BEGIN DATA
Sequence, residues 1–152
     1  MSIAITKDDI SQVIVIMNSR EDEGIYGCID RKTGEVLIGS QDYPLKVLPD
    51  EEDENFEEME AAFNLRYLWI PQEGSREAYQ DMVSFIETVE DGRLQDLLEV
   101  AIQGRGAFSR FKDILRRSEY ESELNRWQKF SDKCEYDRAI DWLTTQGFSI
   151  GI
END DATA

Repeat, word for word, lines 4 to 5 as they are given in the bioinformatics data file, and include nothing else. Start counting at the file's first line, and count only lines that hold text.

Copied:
   101  AIQGRGAFSR FKDILRRSEY ESELNRWQKF SDKCEYDRAI DWLTTQGFSI
   151  GI